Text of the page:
This "fan" told me that, in a recent post, it sounded as if my kids had the same problems. They do! They are human! We've had more than our fair share of struggles! And yet, I thank God every day for my imperfectly bratty, difficult, sometimes horrid children.

You see, all my kids were born to a woman who took crack cocaine. She was a prostitute. And yet, for whatever reason, she decided to give birth rather than having an abortion. Five times. And five times, Dear Husband and I said yes to a child that we knew was destined for difficulty.

And boy, have they been. I've spent years going to therapy appointments, dealing with social workers and psychologists, teachers, specialists of every kind. We put a lot of miles on that minivan. It's been alphabet soup: ADD, ADHD, ODD, bipolar, etc., etc., etc. We have no money to our name, and often rely on the kindness of friends and family to get us through.

And yet....

My kids are kind. They are thoughtful and articulate. They are empathetic. They lend a hand whenever asked, and often when not asked. I am insanely proud of them - they have been judged and mocked, physically assaulted, told they could not succeed, judged and been treated callously and rudely.

I guess maybe the apple doesn't fall from the tree. And I'm happy about the grace of God.

Monday Morning Art Jam

"Gehoeft im Licht"

Weird religious stuff, on the dangerous side

I love weird religious stuff. Tie a bag of herbs around a goat's neck, trekking around the desert throwing stones at a pillar: bring it on. Some religious stuff is weird and creepy, and some is dangerous. Santa Muerte is dangerous, and the Vatican is tired of it.

The Mexican offensive against Santa Muerte (Saint Death) launched by former president, Felipe Calderon, has now gone global. In an interview last week with a Peruvian Catholic news site (Aciprensa), the President of the Pontifical Council for Culture, Cardinal Gianfranco Ravasi, condemned the cult of the skeleton saint as "sinister and infernal." The Italian prelate, whom Vatican watcher John Allen recently called "the most interesting man in the Church" and even profiled as a candidate for the papacy, called for both Church and society to mobilize against devotion to Saint Death.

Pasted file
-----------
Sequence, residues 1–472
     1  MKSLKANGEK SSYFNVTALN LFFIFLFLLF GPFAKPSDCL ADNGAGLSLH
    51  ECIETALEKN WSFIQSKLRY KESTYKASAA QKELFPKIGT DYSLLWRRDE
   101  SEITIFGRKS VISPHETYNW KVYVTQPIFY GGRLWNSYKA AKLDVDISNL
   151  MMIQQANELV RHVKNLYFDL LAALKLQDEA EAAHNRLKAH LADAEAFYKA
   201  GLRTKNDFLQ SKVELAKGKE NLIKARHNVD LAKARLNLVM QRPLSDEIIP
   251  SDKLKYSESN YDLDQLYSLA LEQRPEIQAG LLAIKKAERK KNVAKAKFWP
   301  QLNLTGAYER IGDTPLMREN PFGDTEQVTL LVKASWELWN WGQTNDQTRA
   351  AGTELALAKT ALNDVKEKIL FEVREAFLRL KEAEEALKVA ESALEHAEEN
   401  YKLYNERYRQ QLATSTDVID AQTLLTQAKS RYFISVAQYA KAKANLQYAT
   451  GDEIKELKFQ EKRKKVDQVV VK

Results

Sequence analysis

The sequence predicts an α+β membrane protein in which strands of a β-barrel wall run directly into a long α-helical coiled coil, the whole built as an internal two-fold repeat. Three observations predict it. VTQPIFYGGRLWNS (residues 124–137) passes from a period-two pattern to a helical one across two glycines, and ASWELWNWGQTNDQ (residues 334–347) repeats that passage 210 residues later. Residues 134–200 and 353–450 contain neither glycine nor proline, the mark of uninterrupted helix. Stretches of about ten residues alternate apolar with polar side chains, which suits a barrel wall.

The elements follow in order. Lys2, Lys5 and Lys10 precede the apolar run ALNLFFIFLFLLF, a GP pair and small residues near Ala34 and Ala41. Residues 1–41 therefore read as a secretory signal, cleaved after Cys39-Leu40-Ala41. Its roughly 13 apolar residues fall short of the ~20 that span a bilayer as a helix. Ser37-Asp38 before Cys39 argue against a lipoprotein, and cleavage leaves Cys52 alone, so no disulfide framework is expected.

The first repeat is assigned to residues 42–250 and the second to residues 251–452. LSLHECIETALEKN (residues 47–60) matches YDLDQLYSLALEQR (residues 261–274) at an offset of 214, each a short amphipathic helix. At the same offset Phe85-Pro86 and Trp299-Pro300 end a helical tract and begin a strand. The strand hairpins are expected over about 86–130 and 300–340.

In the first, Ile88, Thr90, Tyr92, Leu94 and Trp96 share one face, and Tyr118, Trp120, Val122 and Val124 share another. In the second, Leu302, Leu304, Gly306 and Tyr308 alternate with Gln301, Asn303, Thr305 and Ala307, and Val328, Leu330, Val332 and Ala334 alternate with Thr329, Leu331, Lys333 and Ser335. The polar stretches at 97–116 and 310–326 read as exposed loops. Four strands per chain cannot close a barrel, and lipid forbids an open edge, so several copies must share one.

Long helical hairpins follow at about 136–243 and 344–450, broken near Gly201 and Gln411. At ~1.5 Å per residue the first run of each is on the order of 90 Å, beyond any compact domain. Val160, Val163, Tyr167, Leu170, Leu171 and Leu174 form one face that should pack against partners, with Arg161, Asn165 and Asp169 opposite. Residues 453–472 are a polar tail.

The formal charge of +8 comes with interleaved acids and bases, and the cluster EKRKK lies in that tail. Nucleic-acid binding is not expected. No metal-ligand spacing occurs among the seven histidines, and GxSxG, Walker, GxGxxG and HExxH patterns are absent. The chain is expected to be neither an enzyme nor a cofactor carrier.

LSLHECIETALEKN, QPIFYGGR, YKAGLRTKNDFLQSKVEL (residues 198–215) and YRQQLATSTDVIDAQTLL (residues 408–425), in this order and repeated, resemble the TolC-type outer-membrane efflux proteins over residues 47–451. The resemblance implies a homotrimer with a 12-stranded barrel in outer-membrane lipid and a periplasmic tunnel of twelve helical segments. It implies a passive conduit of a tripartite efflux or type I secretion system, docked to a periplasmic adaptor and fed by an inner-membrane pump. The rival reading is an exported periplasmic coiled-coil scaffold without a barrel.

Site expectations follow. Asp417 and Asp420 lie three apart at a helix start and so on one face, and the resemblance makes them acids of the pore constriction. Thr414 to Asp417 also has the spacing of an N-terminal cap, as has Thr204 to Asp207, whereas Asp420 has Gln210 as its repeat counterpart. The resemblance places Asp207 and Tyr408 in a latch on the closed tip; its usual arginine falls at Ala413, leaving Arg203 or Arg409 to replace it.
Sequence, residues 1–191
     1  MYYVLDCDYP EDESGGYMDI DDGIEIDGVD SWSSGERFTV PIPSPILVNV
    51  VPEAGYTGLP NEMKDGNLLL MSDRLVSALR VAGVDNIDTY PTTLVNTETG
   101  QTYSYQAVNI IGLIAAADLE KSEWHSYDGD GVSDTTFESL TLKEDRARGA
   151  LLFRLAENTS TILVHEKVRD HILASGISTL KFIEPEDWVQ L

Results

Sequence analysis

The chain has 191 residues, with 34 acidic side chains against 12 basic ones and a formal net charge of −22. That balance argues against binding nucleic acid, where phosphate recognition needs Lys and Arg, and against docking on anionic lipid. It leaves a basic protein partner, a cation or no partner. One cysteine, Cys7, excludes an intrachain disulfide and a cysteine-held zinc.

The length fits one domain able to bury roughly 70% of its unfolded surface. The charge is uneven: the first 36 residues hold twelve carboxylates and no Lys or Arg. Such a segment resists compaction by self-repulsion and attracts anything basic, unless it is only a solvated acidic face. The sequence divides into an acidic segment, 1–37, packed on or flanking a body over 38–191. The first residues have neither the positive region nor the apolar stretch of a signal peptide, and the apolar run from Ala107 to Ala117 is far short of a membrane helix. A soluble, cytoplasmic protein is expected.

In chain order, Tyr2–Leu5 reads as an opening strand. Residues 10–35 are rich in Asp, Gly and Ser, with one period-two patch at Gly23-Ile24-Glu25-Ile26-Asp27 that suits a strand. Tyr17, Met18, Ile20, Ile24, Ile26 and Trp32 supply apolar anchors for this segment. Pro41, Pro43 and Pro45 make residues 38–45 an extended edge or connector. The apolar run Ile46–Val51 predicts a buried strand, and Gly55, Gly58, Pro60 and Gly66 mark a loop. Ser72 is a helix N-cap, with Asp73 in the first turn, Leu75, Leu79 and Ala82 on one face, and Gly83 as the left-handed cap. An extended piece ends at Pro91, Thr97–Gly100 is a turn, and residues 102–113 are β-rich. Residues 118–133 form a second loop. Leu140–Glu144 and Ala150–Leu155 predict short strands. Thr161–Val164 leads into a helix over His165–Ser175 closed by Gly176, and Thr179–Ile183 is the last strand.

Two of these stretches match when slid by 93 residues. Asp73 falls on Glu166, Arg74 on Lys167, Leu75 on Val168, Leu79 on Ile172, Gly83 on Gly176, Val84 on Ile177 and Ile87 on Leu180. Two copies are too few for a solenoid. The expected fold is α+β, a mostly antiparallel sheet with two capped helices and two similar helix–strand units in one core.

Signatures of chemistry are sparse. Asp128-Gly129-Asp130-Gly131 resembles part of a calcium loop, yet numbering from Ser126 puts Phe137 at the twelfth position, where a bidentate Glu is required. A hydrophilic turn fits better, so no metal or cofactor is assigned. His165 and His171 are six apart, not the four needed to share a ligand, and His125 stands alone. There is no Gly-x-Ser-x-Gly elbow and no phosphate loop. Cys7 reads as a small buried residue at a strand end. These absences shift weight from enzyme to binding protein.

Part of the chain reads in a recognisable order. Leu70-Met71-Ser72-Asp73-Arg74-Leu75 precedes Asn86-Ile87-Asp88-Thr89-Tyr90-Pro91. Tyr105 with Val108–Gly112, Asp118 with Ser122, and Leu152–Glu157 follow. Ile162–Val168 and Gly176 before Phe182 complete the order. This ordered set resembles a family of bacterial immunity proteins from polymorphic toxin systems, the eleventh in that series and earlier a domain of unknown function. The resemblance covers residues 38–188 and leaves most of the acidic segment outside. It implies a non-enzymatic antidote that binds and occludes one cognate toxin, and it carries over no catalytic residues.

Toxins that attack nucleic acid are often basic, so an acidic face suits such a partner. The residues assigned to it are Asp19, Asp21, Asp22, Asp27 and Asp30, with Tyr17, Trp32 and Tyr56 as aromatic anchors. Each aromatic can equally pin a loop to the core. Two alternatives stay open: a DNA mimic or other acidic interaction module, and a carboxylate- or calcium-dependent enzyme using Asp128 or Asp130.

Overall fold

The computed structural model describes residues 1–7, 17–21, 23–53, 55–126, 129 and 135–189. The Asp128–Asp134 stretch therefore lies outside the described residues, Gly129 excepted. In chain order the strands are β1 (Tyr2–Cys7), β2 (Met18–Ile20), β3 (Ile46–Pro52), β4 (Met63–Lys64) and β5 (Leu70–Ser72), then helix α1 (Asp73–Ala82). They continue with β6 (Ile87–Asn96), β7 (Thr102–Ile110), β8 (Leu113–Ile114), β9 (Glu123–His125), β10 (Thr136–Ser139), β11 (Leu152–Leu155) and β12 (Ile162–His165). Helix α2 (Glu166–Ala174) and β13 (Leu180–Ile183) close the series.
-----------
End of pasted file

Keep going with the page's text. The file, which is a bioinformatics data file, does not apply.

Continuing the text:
"Everyone is needed to put the brakes on this phenomenon, including families, churches and society in its totality." The cardinal explained that devotion to Santa Muerte "is the celebration of devastation and of hell." The influential member of the Curia will take his message directly to Mexicans during his visit there next month to lead his pet project, the "Courtyard of the Gentiles," a Vatican program designed to engage with and evangelize non-believers.

Santa Muerte is tied very heavily to the drug cartels, and is disguised as just another saint in the communion of saints. It's not; it's sinister.  Pray the Vatican and the people of Mexico are successful in ridding the country of this false belief.

Freakin' Friday Fun

I've got a confession to make: motherhood is tough and sometimes unpleasant

Pearl of Grief - artist unknown
Oh, you probably knew that, though.

Yesterday, I had lunch with Curly-haired Daughter who is stressin' over finals, summer internships, a place to live over the summer, her job, college, food, name it. The typical college stuff.

Today, lunch was with Tallest Son, who is planning a several month long trip to Europe before he gets back to the business of earning a degree. While more laid-back than his sister (a hyperactive monkey is more laid-back than his sister), he's worried about making enough money between now and then to keep his life afloat in the manner to which he has become accustomed.